By CHRISTIAN MONTERROSA | Reporter
Highlands residents opposing the city-approved eldercare facility on Palisades Drive scored a rare victory on Thursday, Feb. 23, after the town’s Land Use Committee voted to reopen discussions to determine if the project meets the requirements of the Coastal Act.
LUC is expected to look again at the project in April and pass any recommendations up to the Pacific Palisades Community Council—which could amend its original approval at a critical time when blueprints are being appealed at the West Los Angeles Planning Commission.
At a crowded and often-noisy community meeting, it came down to a split vote, forcing PPCC Chair Maryam Zar to cast a deciding vote in favor of further consideration.
Howard Robinson, LUC chair, read a letter sent by Zar to Councilmember Mike Bonin in hopes of clarifying PPCC’s findings on the proposed project.
“The board voted to support a motion stating that ‘the PPCC finds that the proposed eldercare facility is in appropriate use,’” Zar wrote in her letter to Bonin. “The board intended by this motion to indicate that we thought that an eldercare facility was an appropriate land use at the proposed site.
“The emphasis here is the use, not the building. The motion was not intended to imply support for this specific design of the building. The board made no statement in support or opposition to whether the proposed building was in conformity of the Coastal Act.”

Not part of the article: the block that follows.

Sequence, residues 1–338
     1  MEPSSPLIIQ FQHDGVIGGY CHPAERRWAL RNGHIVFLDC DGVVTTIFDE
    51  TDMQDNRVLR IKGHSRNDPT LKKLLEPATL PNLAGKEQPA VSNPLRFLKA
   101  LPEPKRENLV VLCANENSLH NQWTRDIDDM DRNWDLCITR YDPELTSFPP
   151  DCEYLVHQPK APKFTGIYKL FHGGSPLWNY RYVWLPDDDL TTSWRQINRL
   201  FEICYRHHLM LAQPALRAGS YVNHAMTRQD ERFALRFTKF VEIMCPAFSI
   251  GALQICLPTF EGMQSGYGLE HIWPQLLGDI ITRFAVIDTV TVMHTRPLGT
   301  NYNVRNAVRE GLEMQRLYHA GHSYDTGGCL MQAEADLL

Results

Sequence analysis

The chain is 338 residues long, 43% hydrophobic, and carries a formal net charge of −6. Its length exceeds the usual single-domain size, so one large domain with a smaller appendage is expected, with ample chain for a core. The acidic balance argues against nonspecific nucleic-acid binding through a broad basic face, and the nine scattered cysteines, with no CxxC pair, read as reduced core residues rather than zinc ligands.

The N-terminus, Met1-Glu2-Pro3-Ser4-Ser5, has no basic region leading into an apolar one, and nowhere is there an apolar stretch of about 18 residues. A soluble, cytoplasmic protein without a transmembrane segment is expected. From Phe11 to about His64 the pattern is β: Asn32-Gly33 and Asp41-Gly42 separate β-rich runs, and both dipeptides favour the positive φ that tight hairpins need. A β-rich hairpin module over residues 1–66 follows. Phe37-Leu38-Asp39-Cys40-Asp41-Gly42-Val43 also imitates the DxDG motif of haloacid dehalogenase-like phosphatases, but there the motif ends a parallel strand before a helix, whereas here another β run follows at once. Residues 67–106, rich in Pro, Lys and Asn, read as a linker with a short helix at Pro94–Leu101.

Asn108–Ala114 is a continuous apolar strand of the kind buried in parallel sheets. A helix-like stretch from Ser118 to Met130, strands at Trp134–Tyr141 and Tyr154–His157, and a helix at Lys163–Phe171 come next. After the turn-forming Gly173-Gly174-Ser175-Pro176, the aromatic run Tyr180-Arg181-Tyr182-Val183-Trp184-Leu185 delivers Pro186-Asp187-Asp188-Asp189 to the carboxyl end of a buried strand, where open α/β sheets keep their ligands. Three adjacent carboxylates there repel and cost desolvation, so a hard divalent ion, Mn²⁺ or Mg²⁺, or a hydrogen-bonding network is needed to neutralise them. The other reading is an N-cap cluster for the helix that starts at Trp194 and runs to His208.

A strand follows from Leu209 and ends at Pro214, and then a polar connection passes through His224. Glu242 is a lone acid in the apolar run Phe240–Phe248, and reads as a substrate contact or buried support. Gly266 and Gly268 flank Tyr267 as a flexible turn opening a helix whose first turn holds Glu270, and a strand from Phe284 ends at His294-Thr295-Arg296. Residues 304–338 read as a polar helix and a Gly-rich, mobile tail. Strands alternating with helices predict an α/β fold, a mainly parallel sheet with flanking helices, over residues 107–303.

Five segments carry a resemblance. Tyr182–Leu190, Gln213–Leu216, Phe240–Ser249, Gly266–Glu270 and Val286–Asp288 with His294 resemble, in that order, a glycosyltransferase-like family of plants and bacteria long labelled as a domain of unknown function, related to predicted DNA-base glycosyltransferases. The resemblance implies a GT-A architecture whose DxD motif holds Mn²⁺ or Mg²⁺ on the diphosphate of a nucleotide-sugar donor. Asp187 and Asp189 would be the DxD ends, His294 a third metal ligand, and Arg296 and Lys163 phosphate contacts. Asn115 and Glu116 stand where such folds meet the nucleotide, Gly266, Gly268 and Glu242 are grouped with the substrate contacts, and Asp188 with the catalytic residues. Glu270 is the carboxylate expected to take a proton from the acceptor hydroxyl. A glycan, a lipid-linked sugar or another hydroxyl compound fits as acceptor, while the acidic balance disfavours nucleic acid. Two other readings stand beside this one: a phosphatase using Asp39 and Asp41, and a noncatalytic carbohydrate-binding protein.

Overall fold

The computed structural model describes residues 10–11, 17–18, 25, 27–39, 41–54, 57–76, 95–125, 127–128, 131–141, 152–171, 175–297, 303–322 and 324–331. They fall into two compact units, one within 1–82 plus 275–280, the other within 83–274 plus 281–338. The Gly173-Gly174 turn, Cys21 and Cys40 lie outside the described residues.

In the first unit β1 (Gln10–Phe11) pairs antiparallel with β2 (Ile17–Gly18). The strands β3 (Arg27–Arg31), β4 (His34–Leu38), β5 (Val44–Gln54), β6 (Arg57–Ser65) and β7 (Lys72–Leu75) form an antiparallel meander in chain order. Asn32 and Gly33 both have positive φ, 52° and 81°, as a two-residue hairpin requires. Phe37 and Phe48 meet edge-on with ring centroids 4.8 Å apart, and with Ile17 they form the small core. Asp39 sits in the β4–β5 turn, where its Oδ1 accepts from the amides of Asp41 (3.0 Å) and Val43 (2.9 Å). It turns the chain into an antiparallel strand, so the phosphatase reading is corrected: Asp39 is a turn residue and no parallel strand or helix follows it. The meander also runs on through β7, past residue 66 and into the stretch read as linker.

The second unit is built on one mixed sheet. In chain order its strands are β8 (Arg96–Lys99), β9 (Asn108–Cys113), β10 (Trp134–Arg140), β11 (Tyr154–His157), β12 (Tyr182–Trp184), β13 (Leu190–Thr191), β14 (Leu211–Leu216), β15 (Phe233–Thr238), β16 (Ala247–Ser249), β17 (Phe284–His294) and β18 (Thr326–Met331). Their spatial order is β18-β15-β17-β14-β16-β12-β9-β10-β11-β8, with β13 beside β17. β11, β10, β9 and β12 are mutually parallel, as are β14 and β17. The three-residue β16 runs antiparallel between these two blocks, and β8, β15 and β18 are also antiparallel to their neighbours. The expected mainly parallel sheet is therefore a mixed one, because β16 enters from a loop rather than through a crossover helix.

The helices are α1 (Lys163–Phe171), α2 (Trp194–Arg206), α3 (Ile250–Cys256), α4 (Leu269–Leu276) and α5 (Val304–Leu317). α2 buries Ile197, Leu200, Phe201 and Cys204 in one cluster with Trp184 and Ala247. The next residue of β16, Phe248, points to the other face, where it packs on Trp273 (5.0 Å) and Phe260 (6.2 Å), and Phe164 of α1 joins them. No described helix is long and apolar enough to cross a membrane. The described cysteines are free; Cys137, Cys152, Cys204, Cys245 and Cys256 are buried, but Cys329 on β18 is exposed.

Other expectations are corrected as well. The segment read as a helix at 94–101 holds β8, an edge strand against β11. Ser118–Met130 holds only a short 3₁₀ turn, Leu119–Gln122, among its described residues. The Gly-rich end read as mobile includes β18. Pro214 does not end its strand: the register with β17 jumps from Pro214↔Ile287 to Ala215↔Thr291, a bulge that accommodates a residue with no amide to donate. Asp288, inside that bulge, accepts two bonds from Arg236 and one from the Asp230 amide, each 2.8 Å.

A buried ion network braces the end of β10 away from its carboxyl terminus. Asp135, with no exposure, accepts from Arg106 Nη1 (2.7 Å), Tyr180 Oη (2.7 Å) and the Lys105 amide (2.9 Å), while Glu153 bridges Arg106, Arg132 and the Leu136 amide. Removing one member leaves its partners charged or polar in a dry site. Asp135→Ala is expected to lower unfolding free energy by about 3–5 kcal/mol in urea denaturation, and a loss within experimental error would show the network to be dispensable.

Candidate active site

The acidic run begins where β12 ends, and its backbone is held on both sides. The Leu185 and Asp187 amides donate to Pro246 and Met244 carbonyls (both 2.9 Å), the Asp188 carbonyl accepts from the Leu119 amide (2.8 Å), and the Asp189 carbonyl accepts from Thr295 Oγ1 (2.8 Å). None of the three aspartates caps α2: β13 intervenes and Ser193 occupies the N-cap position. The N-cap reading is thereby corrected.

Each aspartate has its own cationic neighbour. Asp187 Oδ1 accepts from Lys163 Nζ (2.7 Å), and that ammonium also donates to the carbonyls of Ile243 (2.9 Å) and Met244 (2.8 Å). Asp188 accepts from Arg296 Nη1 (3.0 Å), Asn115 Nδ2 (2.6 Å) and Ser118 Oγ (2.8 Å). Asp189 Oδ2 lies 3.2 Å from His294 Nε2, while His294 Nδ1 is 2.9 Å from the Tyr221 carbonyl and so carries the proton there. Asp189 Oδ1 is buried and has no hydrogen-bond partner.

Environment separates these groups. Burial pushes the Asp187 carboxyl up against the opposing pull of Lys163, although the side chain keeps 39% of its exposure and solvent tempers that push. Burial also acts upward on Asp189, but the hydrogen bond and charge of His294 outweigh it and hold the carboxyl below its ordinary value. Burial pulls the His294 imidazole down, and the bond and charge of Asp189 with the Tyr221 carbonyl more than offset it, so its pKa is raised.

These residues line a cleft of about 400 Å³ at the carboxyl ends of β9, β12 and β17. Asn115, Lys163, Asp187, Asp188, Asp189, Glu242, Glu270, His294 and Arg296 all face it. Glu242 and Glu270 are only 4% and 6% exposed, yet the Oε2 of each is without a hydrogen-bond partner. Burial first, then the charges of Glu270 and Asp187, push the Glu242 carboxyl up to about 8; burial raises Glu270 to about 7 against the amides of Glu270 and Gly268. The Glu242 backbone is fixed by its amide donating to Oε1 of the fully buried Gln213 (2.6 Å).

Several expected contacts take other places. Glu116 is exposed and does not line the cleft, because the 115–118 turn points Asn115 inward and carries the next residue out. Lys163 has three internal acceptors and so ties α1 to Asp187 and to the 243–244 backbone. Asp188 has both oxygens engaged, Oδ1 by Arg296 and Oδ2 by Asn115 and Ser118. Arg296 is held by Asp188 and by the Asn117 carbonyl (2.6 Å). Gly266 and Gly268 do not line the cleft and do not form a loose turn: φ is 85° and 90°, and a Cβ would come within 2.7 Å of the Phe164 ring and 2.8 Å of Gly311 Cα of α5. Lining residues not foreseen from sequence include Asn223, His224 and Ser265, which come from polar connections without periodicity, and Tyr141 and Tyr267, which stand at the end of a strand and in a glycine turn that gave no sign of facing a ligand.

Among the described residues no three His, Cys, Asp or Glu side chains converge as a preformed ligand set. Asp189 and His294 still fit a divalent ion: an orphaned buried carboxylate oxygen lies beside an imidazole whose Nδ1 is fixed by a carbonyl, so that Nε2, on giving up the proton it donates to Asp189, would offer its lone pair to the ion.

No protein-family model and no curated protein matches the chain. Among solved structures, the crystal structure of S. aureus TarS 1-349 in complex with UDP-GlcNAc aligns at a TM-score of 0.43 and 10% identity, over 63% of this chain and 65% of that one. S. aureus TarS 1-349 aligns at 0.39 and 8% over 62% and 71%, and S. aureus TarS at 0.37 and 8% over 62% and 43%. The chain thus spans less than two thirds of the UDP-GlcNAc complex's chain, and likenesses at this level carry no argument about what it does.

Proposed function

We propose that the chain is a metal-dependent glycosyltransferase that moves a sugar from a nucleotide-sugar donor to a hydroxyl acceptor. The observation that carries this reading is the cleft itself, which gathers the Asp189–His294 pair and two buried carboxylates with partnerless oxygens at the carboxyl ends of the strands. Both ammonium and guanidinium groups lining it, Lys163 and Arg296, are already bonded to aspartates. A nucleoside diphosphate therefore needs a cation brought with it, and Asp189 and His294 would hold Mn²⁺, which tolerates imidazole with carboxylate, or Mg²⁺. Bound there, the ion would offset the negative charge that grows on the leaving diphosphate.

This is now the very question in front of them—and city planners.
Local attorney Jonathan Klar—who has submitted an elaborate appeal to the West Los Angeles Planning Commission—read aloud some arguments refuting the project during the public comments and was satisfied when the board voted to reassess the issue.
“We’re happy with [the vote] because it’s the first step for PPCC to acknowledge that mistakes were made,” Klar told the Palisadian-Post. “You never know when a group like that will acknowledge mistakes, although it’s clear there are some influential people on the PPCC who knew that the error was made.”
Standing in the back of the room—his hands in the air with bewilderment at LUC’s visible hesitation to reopen discussions—attorney Robert Flick, who has also submitted a formal appeal against The Highlands project, was already planning his next move.
“I plan to ask them when it’s reopen to take a step back,” Flick said to the Post.
“There are a dozen of other issues that are beyond the competence of this group to consider … my request would be to just say, ‘Look, you know what, let’s let the city do their job.’ We’re not a shadow government here. What we should do is represent the community.”
Robinson remained confident in his board’s original decision and voted against taking another look at the project through a “coastal lens.”
“The purpose of the PPCC is to advise the city decision makers, to give them a recommendation on development [projects] like this,” Robinson told the Post after the meeting. “So, if you’re just going to always be neutral, what’s the purpose of a community organization?”
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